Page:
Farewell Nairobi; hello savanna-safari!…
But first – warning: coming up – tons of photos. But of course; for what was observed in the Kenyan savanna was just so exotic, varied, and often unique!… Don’t later say I didn’t warn you!…
Our first spot of safariing took place in the Ol Pejeta Conservancy – a conservation area crammed with marvelous mammals and wonderful winged creatures, whose main attraction is the rhinoceros – of which there are plenty…
Upon first seeing them – on the horizon, of course we slowed the Land Rover down and whipped out our zoom lenses and binoculars. Each and every rhino brought on rushes of emotions – and dozens snaps…
Of course we weren’t alone here, but at least there were a lot more rhinos than tourists )…
If the internet is to be believed, there are more than a hundred rhinos here; what’s more – there are two different species: the black rhinoceros and the white rhinoceros. However, the white rhino sure ain’t white. And quite how they can be distinguished from each other I don’t know. Of the latter species there are two sub-species here – the northern white rhinoceros and the southern; alas, the northern ones have practically died out: there are literally just two left – both female, but more about them later…
Mommy and her calf:
Up ahead – right in our path – approximately one ton of wild beast. We decide not to play chicken: we maneuver around. He’s in charge here :) ->
Btw, the rhino, as we found out here, is one of the oldest species of animal on the planet that still survives to this day. But how old*?… I’ll tell you at the end of this post. Before then, what’s your best guess?…
In traditional Chinese medicine, Rhino horn is highly-prized and sought-after. Whether it has any medicinal effect or not I don’t know. But since a lot of folks think it does, the poor rhino is slowly dying out from poaching – despite strict measures against it. Here’s a rhino cemetery ->
Cause of death practically every time: being shot, with the horns then sawn off. Tragic (.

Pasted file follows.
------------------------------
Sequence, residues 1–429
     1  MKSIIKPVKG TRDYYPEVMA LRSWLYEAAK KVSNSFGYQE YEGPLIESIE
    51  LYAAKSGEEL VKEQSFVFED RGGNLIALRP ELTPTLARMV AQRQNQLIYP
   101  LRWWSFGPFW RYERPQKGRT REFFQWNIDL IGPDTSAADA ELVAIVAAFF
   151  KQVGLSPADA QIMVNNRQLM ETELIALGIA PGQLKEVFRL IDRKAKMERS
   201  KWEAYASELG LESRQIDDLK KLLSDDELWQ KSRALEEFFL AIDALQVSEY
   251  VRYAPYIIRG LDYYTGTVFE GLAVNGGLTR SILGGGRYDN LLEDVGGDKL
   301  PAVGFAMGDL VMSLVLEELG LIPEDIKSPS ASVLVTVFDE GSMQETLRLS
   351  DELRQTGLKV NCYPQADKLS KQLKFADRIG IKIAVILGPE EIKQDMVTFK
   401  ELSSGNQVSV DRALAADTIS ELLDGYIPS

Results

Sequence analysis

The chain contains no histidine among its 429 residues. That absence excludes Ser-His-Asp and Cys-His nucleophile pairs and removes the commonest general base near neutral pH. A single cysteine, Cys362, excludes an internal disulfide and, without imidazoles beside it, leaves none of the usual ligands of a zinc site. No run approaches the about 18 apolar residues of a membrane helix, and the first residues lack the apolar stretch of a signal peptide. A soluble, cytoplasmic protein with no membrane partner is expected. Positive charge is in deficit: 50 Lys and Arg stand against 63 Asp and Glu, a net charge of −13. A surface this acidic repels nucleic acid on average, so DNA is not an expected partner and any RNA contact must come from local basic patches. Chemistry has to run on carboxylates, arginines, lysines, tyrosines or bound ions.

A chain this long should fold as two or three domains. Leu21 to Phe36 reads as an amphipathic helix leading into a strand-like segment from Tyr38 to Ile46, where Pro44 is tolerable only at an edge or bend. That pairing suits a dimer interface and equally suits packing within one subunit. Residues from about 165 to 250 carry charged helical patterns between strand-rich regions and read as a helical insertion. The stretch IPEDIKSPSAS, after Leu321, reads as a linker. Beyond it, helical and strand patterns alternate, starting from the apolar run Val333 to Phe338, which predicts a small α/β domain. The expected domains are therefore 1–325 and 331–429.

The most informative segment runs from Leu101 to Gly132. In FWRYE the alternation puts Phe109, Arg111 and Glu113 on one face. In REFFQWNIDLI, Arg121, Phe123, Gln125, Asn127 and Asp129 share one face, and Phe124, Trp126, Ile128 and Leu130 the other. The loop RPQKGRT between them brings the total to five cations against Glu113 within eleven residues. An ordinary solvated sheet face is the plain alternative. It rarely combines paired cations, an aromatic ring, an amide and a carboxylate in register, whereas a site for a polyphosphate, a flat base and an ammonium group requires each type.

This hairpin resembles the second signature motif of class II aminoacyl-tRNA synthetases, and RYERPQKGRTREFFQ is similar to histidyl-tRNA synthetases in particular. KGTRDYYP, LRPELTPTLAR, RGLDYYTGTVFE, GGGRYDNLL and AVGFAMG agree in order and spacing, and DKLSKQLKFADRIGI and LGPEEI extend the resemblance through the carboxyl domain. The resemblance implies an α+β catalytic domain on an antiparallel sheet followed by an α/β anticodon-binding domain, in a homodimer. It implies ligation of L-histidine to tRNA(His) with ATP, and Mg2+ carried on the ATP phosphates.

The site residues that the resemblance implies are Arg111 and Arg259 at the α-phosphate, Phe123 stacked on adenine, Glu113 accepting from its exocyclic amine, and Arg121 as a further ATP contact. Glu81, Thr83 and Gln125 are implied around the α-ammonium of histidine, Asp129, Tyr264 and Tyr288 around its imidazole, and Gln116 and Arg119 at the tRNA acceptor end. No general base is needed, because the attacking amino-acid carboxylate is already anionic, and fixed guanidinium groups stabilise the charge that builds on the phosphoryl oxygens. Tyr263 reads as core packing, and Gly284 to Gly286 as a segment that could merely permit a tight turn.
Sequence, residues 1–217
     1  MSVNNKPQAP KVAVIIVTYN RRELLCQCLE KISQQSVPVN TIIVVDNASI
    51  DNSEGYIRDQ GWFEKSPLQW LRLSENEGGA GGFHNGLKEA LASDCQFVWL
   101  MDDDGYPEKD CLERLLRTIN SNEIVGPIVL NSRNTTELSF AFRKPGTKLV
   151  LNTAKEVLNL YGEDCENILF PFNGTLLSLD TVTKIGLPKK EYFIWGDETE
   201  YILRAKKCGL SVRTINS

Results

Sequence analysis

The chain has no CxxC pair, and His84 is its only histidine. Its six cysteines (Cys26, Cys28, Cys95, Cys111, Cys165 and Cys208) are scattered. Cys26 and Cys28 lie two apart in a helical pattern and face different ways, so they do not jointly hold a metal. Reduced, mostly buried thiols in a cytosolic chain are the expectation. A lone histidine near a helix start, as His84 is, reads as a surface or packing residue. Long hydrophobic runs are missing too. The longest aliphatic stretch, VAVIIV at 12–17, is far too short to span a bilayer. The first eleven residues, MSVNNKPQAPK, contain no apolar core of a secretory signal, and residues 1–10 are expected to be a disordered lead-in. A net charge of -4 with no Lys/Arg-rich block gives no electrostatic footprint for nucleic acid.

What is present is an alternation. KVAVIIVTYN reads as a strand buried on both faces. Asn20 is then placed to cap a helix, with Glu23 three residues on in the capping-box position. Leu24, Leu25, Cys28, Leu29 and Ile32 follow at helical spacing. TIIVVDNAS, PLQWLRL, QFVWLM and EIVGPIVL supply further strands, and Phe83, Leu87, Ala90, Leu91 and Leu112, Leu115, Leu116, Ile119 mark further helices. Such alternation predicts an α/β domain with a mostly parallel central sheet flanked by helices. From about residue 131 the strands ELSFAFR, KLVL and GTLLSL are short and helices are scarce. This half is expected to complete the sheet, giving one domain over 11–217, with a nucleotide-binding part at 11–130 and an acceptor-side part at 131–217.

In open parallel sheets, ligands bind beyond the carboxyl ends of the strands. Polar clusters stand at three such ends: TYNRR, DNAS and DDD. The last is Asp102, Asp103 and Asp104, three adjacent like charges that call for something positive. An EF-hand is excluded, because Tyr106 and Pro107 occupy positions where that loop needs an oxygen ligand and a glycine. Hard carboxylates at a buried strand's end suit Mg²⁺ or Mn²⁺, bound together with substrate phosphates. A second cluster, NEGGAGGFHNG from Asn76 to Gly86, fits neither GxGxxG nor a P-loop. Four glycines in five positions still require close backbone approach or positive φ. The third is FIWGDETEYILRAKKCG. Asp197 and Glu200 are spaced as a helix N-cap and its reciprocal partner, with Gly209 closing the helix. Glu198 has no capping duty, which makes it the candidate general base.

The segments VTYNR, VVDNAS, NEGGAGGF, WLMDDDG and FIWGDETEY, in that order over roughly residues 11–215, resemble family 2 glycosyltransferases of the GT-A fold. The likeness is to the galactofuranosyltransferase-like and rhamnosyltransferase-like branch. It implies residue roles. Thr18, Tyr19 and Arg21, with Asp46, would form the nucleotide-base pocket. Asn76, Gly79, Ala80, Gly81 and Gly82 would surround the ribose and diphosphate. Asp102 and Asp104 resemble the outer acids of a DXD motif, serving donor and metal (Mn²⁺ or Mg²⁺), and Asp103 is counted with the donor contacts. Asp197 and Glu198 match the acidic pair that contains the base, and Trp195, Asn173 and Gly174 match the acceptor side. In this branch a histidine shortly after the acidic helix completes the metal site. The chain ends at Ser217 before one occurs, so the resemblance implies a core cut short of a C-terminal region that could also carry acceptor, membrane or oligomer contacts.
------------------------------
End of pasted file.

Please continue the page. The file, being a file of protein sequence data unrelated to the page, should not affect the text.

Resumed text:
The last two northern white rhinos here – that is, the last two on the planet – live in a special extra-protected enclosing, yet it seems the species’ imminent extinction is inevitable (…
Btw – the conservationists here trim, file down, and/or saw off the horns to stop them… being painfully naughty – perhaps to each other or to humans (?), but also to make them less-attractive to the poachers.
Woah – we could touch the rhinos right from our vehicle! ->
“What, no more tasty morsels? Then I’m off!”
…Until the next feeding ->
Alas, this one’s also got some health issues ->
Aha – buffalo! ->
Onward, in search of other beasts – which of course we find ->
A carcass of what looks like a buffalo getting picked at by smaller predators ->
But those little animals couldn’t have been responsible for felling that colossus. We look around… and soon find the likely suspects culprits, sitting pretty, post-feast, licking their chops! ->
A little farther – more lions; actually – lionesses: a mom and daughter (dad’s probably off somewhere with another mom). These two were really quite close to us ->
Some of the lionesses have tracking devices hung around their necks so their whereabouts can be monitored. All under control!
Flies – horrid things. Still, it seems the lions are used to them. Also, at least there are no tsetse flies around here – nor, in fact, in the whole of Kenya. In neighboring Tanzania – plenty.
A cackle of hyenas, with mom carrying out look-out duties from her burrow: